“It ain’t what they call you, it’s what you answer to.” – W.C. Fields
It’s the special time of year again that naturally lends itself to reflecting upon where we’ve been in our past and contemplating where we’d like to go in our future. Sure, this opportunity is available to us any day – or in any moment really – but the transition from one year to the next has a symbolic power to awaken us out of our typical trance-like state, force us to confront reality, and prompt us to reevaluate the direction of our lives.
Many of us essentially ask ourselves at this time of year, “Who do I want to be?”
We set new goals, make new resolutions, and (unfortunately) for many of us, nothing significant actually changes in our lives. There are a lot of reasons why our intense initial ambitions fail to materialize; I hope to explore many of them in this blog. Perhaps the biggest one is that we’ve built our life – our personal environment and relationships – around the current version of ourselves (who we have been). If we are aspiring to change ourselves in any significant way (a new vision of who we want to become), those existing structures will naturally resist the deviation from the comfortable, predictable status quo. Many relationships in our lives will likely prefer a known bad situation to an unknown good situation – the fear of change is extremely powerful.
I happen to move around a decent amount – frequently placing myself in new environments and meeting new people. I’ve enjoyed the benefit of a clean slate upon which to improve upon myself without the constraints of others’ expectations. However, there has been one limiting relationship that has consistently followed me to every new location I move to… and that is the relationship I have with myself.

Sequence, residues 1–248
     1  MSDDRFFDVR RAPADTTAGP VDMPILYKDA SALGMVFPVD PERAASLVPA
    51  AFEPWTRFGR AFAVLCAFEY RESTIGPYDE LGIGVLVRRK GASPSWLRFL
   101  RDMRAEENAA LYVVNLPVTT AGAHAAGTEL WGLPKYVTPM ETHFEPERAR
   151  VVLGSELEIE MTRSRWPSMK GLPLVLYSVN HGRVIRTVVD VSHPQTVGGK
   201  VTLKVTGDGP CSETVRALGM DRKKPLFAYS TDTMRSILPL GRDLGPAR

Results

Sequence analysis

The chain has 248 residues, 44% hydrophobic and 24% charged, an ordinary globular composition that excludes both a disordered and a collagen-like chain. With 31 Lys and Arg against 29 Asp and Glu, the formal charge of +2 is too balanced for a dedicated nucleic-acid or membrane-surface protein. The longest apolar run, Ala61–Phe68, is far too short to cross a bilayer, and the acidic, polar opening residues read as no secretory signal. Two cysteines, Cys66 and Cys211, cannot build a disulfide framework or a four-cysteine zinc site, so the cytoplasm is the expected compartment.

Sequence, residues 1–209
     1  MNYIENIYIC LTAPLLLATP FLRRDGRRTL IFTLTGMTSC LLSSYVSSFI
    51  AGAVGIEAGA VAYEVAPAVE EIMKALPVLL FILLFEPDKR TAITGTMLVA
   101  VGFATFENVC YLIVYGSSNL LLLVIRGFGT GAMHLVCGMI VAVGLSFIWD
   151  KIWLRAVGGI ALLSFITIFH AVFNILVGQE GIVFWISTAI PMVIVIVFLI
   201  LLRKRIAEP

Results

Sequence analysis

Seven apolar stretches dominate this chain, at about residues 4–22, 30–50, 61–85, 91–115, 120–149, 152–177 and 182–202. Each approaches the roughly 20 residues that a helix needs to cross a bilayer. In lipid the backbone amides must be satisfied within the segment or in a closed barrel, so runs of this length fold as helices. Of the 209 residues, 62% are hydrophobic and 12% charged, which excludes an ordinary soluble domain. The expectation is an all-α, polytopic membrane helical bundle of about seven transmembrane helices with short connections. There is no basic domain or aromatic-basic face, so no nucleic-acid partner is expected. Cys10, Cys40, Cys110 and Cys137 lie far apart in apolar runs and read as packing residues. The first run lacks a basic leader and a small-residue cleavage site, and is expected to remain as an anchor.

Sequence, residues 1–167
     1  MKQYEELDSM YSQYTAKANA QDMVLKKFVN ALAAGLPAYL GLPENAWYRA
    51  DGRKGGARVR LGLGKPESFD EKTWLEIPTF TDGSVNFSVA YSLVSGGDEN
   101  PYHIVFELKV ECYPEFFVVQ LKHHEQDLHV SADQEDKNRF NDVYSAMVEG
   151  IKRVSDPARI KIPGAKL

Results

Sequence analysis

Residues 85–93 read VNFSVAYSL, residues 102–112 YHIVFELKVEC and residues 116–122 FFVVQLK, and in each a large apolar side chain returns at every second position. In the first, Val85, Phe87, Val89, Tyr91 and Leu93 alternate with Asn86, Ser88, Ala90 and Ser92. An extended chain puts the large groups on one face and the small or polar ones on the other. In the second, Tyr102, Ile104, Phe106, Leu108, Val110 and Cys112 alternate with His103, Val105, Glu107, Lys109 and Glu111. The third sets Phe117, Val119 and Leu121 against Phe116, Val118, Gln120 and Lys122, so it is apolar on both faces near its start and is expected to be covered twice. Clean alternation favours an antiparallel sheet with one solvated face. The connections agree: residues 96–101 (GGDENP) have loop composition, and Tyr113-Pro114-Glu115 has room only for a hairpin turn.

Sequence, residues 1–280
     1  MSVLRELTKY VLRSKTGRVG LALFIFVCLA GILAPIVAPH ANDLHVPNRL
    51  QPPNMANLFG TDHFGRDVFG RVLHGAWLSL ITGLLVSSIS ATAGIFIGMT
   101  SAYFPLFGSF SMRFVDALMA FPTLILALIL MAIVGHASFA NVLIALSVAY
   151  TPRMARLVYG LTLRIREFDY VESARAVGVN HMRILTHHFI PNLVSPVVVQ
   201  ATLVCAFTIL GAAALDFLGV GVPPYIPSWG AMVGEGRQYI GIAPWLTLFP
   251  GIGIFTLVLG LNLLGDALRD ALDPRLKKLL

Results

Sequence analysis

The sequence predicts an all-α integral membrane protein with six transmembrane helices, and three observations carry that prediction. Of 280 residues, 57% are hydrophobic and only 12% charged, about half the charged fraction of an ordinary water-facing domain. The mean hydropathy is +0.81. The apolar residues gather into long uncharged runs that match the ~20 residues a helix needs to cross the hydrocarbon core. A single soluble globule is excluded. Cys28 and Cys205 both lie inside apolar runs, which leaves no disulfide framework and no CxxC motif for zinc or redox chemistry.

More powerful even than what a friend or spouse thinks about who we are, how we perceive ourselves defines what changes we will allow (consciously or subconsciously) to take hold in our lives. And it is surprising how often the beliefs we have about ourselves run counter to our stated goals and prevent us from realizing our aspirations.
Let’s take a look at a few types of examples to illustrate the point.
First off, everyone probably recognizes that our negative self-talk is detrimental to our success (and happiness in general). When we label ourselves as something bad or inferior, we set ourselves up for failure by depriving our ambitions of the mental energy we need to succeed. If we want to adopt healthier diet and exercise habits (a common New Year’s goal) but are telling ourselves that we are fat, weak, and lazy, then that is the script that we are going to act from in the moments of truth. A weak person caves into the sugary temptation – so if our story of self is that we are weak, of course that’s what we are going to do – we’ve defined ourselves into failing.
Next up are neutral (true) “facts” about ourselves. For example, I’ve noticed myself hiding behind “being an introvert”. Now it’s completely true that whatever personality assessment I take is going to categorize me as an introvert – and I’m not saying there is anything wrong with being an introvert (there are a lot of benefits to being one), but what I’m talking about goes beyond an honest assessment when it becomes an excuse for failure or limits what I believe is possible for me to achieve. I am free to be who I am without shame, but if my goal is to give a rocking public speech, it doesn’t serve me to frame it as something “people like me” are bad at.